Who I am now is part and parcel of who I once was plus some verbs (gerunds actually): learning, forgiving, supplicating, ignoring, discarding, growing, regressing, loving, loathing, praying, observing, recovering, participating, judging, mistaking, trying, failing, succeeding, knowing, exploring, resisting, forgetting, restoring,…the list goes on, but I think you get the idea.

But the self has another, evself controlen more important realm beyond rational decision making as well.  The core self, the soul, feels emotions.  It’s the soul that releases the endorphins of joy, happiness and love as well as the vitriol of pain, anger and hatred that so heavily influence our actions.  We, in a way perhaps validate this idea when we tell one another, and especially our children, to “control yourself.”

In that same vein, the magnetism that binds us to, or repels us from, others is a product of the soul. Love cannot exist in the absence of the soul.

For something that takes up no space, the self, the soul is HUGE.

Mortality and Immortality

One of the more important verbs in “me” is ‘believing,’ especially in this context:  I believe that my self, my soul, is immortal.

I believe that my soul, my core being, existed long before I was born and will continue to exist long after I die. I believe the bundles of gerunds and conceptual nouns that comprise my self today include many gathered before this life and some gathered in this life. I have also amended or shed some that no longer fit “me” and there are others to which I aspire but have yet to master.  All those remaining when I die I will carry with me into the next journey of my immortal soul.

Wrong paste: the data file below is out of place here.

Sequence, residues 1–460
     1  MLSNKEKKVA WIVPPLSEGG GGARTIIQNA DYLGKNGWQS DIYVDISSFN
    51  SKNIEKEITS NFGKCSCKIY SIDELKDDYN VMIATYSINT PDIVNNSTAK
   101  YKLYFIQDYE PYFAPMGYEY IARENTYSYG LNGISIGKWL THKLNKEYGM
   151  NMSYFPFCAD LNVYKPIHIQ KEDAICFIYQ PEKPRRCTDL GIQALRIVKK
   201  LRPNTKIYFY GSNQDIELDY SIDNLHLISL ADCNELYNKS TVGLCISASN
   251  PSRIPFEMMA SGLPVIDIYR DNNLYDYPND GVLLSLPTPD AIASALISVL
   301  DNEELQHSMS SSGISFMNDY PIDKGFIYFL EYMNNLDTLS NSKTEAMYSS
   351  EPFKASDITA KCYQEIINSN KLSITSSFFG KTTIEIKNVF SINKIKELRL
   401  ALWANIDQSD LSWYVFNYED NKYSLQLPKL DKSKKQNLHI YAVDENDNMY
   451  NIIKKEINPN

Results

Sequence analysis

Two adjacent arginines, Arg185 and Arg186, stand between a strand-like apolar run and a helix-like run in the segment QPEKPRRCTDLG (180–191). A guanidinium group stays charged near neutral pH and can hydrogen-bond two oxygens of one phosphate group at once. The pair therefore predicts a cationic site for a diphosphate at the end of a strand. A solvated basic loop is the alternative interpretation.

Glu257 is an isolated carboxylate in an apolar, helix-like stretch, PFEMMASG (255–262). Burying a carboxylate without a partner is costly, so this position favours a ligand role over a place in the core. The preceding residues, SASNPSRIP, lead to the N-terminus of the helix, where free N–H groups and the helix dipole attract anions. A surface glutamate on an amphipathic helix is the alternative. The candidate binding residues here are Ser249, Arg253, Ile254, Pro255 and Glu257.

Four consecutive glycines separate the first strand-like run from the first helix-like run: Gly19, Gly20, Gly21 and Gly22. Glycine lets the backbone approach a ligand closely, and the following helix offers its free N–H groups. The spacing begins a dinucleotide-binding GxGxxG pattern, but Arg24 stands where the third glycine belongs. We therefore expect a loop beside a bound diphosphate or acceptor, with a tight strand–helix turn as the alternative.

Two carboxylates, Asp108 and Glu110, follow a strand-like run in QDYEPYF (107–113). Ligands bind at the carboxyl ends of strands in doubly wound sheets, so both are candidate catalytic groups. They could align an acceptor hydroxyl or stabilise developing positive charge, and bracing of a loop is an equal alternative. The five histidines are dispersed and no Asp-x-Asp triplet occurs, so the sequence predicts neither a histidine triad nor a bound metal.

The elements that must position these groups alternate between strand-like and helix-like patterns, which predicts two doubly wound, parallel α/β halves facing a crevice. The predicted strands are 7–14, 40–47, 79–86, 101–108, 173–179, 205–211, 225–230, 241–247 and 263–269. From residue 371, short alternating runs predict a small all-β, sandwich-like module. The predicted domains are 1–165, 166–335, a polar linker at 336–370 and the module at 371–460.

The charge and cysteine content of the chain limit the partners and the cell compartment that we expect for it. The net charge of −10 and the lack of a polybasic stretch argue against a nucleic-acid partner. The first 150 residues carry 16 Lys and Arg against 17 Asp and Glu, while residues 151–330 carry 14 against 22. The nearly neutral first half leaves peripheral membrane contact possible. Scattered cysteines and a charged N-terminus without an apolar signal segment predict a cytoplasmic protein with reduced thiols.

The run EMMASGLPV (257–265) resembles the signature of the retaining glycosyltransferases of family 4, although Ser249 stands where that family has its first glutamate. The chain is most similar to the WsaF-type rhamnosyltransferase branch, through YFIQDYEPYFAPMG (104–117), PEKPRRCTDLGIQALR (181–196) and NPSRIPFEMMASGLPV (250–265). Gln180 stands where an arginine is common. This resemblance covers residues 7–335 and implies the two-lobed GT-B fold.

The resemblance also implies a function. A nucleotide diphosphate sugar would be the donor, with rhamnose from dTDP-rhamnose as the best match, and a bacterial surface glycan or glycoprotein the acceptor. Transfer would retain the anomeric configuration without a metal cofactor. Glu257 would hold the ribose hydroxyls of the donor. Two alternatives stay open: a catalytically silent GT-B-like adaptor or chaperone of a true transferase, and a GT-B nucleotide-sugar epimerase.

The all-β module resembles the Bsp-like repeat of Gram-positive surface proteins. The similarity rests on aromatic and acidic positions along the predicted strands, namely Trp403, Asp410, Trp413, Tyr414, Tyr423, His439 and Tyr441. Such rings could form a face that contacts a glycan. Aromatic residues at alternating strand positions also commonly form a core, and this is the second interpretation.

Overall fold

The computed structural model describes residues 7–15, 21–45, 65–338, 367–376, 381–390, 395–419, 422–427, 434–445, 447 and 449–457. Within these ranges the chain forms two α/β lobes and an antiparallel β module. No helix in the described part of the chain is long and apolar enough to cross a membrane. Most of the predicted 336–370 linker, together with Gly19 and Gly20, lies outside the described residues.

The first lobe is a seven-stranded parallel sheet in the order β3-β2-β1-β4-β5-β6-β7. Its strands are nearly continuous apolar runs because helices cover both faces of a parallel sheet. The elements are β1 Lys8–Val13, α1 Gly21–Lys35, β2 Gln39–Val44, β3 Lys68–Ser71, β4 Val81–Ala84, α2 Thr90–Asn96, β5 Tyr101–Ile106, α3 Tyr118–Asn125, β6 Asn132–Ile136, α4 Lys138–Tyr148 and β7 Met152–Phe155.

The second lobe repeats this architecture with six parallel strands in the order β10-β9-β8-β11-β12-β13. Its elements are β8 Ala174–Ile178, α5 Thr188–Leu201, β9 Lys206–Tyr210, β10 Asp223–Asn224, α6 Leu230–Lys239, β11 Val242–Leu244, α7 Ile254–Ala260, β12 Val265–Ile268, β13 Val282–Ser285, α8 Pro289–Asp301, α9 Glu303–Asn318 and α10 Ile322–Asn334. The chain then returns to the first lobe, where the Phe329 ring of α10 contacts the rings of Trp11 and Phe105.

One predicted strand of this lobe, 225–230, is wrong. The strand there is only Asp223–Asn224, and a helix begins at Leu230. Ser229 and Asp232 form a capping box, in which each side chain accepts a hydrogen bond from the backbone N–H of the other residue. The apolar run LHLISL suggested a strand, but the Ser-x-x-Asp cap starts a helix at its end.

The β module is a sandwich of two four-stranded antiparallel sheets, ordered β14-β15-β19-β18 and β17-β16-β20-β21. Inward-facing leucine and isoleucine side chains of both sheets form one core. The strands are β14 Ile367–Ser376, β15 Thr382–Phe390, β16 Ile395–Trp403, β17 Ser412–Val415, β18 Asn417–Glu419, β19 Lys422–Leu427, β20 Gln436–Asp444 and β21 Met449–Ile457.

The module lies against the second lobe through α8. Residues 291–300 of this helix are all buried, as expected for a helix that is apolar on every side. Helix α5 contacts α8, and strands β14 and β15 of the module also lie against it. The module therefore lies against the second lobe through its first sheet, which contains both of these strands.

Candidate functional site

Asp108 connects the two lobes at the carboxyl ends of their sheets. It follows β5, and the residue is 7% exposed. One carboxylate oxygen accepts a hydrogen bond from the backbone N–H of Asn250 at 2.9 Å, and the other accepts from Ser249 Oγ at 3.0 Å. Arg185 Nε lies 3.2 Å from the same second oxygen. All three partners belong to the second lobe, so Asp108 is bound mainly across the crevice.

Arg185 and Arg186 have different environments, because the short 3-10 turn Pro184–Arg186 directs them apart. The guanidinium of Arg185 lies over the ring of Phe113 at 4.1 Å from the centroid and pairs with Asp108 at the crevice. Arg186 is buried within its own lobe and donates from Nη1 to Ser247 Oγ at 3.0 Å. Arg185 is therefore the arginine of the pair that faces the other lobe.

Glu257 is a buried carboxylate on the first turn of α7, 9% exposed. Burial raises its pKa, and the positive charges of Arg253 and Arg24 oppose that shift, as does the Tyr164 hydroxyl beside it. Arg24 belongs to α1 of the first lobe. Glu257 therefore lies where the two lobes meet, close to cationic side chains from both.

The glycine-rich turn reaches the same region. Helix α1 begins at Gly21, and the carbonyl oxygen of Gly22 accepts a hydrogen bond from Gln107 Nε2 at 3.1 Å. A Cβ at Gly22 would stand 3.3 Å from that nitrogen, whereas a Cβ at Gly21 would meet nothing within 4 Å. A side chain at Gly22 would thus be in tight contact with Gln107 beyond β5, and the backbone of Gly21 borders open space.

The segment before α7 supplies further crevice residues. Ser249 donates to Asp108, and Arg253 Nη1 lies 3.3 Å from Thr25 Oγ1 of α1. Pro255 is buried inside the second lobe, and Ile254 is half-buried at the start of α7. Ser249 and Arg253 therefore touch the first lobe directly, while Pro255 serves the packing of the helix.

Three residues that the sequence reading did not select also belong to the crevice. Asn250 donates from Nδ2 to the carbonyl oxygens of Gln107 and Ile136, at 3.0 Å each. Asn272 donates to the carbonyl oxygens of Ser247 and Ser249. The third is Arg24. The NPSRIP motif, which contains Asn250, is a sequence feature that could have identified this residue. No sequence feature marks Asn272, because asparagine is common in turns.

Death, the end, applies only to the physical body, my temporary habitat from which I experience a life that tests and grows or shrinks my self/soul.  The only constant in life is change.  The ultimate purpose and result of a life is a changed self -an improved or more heavily damaged soul – at death .

Why do I believe that my soul/self is immortal?  I know this is a simplistic answer but, it’s because I cannot believe otherwise.  I cannot conceive how and why a self/soul that has no physical composition but drives the bus can transition from being to a state of non-being.  My soul wasn’t created at my birth and it will not die at my death.  My body was created for my soul, not the other way around.

With apologies to Mr. Shakespeare, “To be, or not to be.”